High Def consoles: I think for HD signals, they only use the 60hz scan rate (like NTSC does). So with HDTV, there are still different standards for Europe and America... but in Europe, a lot of the stuff just uses the US standard because all our HDTVs support it anyway.

I hope that makes some sense!

The reason im asking is i brought my dad a Linksys Media centre extedner (compostie or componetnt out) and the guy is selling it as its NTSC and wouldnt work on his set!
If you connect through Composite - you'll get NTSC, the real deal, in all its 1950s-style glory. If that works in colour, then your TV is NTSC compatible.

If you connect through Component, you'll get what's referred to 480i, or perhaps a choice of other (HD?) resolutions as well.
 

AudiophileUk

Active Member
thanks thats very informative and explains a pretty complicated change over of standards! I thought their must be some international standardisation creeping in with the HD era and resolutions...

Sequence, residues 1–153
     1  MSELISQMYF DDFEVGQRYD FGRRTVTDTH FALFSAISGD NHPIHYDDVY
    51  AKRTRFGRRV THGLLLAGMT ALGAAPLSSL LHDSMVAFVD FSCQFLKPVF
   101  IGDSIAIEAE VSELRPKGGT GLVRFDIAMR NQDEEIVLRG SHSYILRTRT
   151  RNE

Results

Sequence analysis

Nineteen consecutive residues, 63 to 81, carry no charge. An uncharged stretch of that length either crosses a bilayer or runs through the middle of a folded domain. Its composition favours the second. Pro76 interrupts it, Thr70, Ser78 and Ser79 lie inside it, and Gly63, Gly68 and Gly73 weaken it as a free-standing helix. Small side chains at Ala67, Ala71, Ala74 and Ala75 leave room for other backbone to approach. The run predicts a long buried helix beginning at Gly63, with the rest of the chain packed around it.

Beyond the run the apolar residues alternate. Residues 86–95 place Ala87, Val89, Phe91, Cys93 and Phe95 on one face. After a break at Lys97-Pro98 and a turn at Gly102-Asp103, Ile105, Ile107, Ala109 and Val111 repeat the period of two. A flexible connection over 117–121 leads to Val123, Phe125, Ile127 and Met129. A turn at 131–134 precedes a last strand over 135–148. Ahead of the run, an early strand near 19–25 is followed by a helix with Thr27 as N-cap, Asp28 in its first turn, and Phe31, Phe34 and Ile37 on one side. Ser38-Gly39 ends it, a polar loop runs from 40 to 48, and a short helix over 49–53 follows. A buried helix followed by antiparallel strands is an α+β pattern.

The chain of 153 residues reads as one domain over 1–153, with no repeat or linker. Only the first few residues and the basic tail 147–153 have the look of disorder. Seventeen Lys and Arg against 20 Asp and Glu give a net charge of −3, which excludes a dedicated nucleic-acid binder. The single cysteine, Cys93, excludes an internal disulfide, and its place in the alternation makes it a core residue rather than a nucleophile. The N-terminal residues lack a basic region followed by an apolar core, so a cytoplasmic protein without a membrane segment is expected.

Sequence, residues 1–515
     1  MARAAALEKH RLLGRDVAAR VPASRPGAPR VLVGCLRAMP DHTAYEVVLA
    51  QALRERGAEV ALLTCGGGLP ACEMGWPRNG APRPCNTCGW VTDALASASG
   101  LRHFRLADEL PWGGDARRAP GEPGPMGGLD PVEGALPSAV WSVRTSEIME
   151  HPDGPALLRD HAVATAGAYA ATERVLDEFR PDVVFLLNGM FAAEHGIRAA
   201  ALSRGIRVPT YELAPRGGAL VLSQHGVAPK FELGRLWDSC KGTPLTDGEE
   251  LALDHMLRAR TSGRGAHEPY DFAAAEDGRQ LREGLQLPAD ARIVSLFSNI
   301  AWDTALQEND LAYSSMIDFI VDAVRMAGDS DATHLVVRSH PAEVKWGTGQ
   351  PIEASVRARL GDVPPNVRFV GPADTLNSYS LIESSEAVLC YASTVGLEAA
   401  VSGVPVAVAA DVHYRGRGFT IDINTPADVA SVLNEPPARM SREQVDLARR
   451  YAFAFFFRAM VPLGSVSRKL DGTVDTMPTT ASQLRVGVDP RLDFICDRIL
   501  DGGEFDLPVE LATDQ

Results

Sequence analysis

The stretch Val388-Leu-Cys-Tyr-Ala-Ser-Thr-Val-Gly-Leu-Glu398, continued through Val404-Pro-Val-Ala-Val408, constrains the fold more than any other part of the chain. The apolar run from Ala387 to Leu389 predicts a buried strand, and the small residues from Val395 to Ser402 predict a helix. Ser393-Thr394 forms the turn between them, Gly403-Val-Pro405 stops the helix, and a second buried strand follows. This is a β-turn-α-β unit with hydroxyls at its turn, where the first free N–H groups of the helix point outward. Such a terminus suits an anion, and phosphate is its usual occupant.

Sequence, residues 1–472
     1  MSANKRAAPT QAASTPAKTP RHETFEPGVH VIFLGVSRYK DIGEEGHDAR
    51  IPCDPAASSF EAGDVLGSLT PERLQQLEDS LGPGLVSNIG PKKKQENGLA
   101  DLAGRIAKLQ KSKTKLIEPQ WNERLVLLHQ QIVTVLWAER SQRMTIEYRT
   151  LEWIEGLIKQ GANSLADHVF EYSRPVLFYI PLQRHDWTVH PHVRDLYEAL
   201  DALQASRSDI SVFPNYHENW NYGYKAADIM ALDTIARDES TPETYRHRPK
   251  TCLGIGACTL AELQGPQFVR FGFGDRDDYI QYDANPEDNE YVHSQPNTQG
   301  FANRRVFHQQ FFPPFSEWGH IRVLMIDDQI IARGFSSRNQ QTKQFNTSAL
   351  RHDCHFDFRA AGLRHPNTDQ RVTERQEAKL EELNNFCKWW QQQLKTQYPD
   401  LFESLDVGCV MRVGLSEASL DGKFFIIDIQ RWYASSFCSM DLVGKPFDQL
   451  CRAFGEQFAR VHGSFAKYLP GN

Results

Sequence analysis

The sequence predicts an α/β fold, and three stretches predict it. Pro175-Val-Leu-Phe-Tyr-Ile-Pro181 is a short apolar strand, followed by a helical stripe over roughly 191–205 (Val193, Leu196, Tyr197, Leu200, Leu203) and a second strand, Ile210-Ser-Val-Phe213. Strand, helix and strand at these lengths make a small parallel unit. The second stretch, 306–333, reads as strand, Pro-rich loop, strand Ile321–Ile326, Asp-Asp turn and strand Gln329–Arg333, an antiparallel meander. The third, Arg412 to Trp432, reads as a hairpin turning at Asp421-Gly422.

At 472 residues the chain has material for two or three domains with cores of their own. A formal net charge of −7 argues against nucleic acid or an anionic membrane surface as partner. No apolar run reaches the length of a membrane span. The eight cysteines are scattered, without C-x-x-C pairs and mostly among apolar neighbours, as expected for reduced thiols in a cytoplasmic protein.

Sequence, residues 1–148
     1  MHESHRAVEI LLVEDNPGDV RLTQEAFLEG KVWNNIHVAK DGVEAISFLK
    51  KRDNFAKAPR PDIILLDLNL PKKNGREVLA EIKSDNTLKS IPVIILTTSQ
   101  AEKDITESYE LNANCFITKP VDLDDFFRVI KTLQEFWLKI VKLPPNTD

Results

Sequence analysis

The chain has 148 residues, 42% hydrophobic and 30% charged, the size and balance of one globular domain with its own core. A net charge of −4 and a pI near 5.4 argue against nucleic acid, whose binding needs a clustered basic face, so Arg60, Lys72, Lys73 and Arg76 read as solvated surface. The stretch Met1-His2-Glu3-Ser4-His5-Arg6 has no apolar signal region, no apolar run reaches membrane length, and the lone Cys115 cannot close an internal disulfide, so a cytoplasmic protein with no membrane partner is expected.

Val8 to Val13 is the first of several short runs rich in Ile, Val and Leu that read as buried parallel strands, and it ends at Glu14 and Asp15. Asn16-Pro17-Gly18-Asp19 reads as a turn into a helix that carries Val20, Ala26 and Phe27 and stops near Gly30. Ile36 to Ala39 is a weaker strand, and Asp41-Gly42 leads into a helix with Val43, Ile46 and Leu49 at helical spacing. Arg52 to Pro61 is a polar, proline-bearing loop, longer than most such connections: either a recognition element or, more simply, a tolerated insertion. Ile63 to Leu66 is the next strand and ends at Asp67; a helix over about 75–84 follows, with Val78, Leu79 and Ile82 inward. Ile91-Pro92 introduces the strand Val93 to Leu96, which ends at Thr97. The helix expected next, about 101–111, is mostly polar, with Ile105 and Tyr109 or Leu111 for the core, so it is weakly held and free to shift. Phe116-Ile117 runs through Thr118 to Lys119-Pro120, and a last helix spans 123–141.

It will be connecteced via component at 480 or 720 so it should be fine! Thankyou
 

Crazy Snake Man

Standard Member
thanks all!

i dont really want to get a crt but worried about buying wrong thing esp, as not a small amount, worried about drag, screen burn, motion blur, etc

just want hd lcd/plasma for watching tv, sports, dvds and gaming - eventually going to hd - looking at tvs with 1mpixels which i understand will give me 720. dont yet have a 360 or ps3
 

AudiophileUk

Active Member
well persoanlly i wouldnt say screen burn or similar is a reason NOT to buy a flatscreen. The advatnages far outweight the ngatives unless you dont mind a ton of crt in the corner of your room!
 
You wouldn't have to worry about screen burn with an LCD. In fact that's one of the reasons I started buying them in the first place.